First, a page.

Firetruck Escapes Broken-Down Retirement

Arts and entertainment reports from The Times, national and international news services and the nation's press

Neither blistering fires, daring rescues nor hair-raising dashes to the scene could keep Torrance's sturdy firetruck No. 103 from its appointed rounds.

But, at last, after years of faultless service, it began to look as if old age would force the Fire Department to turn the trusty red truck into a playground set.

The thought depressed the men who had served on it. So when the Los Angeles County Fire Museum Assn. offered to restore No. 103 to its previous glory and give it a new home, Torrance Fire Department officials jumped at the chance.

Now, instead of dismantling the 1954 Mack firetruck and putting the sad skeleton in a Wilson Park playground as the city had planned, fire officials will be able to give No. 103 a dignified retirement.

Museum officials are expected to pick up their prize within the next two weeks.

Admittedly a little bedraggled after sitting in the city's maintenance yard since being retired from reserve service about a year ago, the 23,000-pound engine once was the pride of the department.

"When it came out, it was the Cadillac of all apparatus," Battalion Chief Harlan Treskes said. "Now it's so old and obsolete, you can't even get parts to repair it anymore.

"Even though getting new (engines) with better technology is nice, there are a lot of memories and emotions that go with those old pieces," he said. "We're glad to see it preserved."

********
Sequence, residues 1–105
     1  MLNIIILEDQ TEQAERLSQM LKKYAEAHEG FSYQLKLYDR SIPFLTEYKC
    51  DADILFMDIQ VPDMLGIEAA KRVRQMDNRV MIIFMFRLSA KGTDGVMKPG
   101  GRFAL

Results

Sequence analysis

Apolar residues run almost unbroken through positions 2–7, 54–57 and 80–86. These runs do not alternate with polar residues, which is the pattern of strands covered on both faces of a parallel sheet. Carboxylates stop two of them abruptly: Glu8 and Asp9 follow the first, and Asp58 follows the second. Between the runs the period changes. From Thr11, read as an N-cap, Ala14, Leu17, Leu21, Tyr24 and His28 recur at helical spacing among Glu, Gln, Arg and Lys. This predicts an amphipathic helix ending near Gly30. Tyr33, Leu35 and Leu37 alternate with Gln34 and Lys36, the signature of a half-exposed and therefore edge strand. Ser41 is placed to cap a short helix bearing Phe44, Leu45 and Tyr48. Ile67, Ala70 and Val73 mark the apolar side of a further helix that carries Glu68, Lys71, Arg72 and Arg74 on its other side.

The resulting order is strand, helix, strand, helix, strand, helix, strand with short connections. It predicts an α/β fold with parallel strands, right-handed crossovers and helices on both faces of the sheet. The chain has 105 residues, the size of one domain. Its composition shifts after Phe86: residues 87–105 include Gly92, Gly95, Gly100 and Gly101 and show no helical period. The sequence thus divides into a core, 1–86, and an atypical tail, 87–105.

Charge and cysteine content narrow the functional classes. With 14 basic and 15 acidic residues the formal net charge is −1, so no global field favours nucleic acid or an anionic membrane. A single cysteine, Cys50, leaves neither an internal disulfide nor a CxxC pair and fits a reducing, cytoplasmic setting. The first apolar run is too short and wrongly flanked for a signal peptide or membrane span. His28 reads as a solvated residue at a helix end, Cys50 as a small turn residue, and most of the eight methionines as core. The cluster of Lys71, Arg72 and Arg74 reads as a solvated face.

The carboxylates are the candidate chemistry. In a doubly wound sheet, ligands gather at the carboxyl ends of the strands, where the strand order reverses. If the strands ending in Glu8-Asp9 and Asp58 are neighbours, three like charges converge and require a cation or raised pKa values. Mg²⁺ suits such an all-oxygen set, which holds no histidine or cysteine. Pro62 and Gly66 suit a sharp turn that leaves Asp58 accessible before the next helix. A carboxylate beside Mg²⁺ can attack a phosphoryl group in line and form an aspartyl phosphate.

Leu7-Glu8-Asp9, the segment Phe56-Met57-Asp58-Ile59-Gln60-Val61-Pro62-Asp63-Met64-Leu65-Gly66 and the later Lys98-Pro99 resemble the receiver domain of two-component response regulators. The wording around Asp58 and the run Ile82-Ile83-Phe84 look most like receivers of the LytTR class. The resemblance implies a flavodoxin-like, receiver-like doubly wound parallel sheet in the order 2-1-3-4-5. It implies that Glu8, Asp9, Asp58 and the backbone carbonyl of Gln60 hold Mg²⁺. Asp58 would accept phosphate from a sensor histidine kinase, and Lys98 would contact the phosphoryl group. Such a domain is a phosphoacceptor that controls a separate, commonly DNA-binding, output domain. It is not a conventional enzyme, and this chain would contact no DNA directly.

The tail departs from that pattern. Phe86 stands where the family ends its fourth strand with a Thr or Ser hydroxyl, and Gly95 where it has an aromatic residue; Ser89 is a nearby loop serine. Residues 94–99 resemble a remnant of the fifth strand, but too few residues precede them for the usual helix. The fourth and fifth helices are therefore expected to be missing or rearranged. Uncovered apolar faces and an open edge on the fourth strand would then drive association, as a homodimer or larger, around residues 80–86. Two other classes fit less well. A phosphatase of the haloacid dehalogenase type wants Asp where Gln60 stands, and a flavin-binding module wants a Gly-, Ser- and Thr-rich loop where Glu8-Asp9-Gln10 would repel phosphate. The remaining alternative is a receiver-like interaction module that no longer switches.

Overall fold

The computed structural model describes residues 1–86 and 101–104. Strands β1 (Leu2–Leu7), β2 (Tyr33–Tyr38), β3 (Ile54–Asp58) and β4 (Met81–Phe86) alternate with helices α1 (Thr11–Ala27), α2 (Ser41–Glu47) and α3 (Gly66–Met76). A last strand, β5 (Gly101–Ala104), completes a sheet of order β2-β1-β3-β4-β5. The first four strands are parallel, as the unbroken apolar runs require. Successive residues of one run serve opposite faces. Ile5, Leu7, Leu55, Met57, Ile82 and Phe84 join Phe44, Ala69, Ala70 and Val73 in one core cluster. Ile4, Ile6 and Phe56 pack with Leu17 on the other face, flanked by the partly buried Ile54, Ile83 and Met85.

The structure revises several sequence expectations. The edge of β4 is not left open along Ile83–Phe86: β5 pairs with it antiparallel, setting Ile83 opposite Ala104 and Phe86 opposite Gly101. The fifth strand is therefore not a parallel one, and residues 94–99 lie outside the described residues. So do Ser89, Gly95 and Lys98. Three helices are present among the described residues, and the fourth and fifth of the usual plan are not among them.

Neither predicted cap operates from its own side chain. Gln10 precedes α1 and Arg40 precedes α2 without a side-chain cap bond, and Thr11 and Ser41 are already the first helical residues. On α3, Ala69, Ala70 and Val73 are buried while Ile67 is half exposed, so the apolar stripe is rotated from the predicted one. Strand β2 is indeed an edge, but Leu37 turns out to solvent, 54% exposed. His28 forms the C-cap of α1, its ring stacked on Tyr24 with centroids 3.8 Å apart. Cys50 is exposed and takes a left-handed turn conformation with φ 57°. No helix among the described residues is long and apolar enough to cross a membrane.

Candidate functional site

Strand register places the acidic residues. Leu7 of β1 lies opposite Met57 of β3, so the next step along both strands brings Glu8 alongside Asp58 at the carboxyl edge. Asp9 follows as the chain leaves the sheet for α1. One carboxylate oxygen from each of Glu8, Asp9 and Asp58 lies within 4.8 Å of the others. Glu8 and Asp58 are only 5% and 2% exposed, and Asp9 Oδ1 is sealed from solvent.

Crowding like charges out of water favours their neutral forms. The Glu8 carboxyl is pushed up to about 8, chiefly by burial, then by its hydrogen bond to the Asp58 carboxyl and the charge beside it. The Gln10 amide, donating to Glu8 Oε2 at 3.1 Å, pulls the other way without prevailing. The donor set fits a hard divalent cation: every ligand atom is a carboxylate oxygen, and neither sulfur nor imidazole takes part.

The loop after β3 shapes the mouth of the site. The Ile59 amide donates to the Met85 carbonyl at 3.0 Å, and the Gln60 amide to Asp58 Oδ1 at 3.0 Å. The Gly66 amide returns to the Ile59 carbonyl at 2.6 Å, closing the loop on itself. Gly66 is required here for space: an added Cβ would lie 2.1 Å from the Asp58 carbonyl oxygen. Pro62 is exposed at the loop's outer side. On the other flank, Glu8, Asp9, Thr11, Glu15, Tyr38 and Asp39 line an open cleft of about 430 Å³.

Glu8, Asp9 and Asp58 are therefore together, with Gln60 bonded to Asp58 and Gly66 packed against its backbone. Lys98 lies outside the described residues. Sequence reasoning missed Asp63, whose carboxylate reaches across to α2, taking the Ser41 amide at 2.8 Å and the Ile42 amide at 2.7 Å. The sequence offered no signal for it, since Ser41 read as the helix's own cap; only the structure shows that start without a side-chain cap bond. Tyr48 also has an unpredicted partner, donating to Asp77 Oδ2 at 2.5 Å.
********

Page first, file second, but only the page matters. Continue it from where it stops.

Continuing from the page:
Nearly 25 feet long, the fire engine, with its 1,250-gallon-per-minute pump, fought such famous blazes as the 1958 Riviera Club fire, in which the swank beach club burned to the ground, and two fires at the same restaurant, which first burned as the Tahitian, and then went up again as Calamity Jane's.

No. 103, which spent its career based at the city's Calle Mayor fire station, also helped fight countless brush fires on the Palos Verdes Peninsula when those cities called for help.

Fire museum officials said they will move the engine to a county fire station in Paramount where they will restore it. The association hopes to get a permanent museum building for its collection of 17 vintage fire vehicles, which are now stored all over the county.

A small county building at 1320 N. Eastern Ave. in an unincorporated area east of Los Angeles serves as museum headquarters. It is open to the public on the third Sunday of each month from noon to 4 p.m. The building's size forces them to show only two or three engines and a few smaller displays of vintage badges, helmets and other fire paraphernalia.

The current collection, which rotates through the museum, ranges from a 1913 Model T fire engine to the 1973 Dodge paramedic van that was named Squad 51 in the defunct television series "Emergency."

Museum Assn. President Terry Lee, a captain at the county Fire Department's Lakewood station, said his group hopes to use the antique fleet as the basis for a future West Coast Fire Museum.

"All of these things at one point were so old they were worthless" but after a while "they start to appreciate in value because you can't find them anymore," Lee said. "We'd like to save one of everything so people can see how we've progressed."

Once restored, Torrance Engine No. 103 will be rotated into the museum's changing displays.

"For a time, Mack was the No. 1 fire engine," Lee said. "We're glad to have one."

Copyright © 2019, Los Angeles Times
EDITION: California | U.S. & World
57°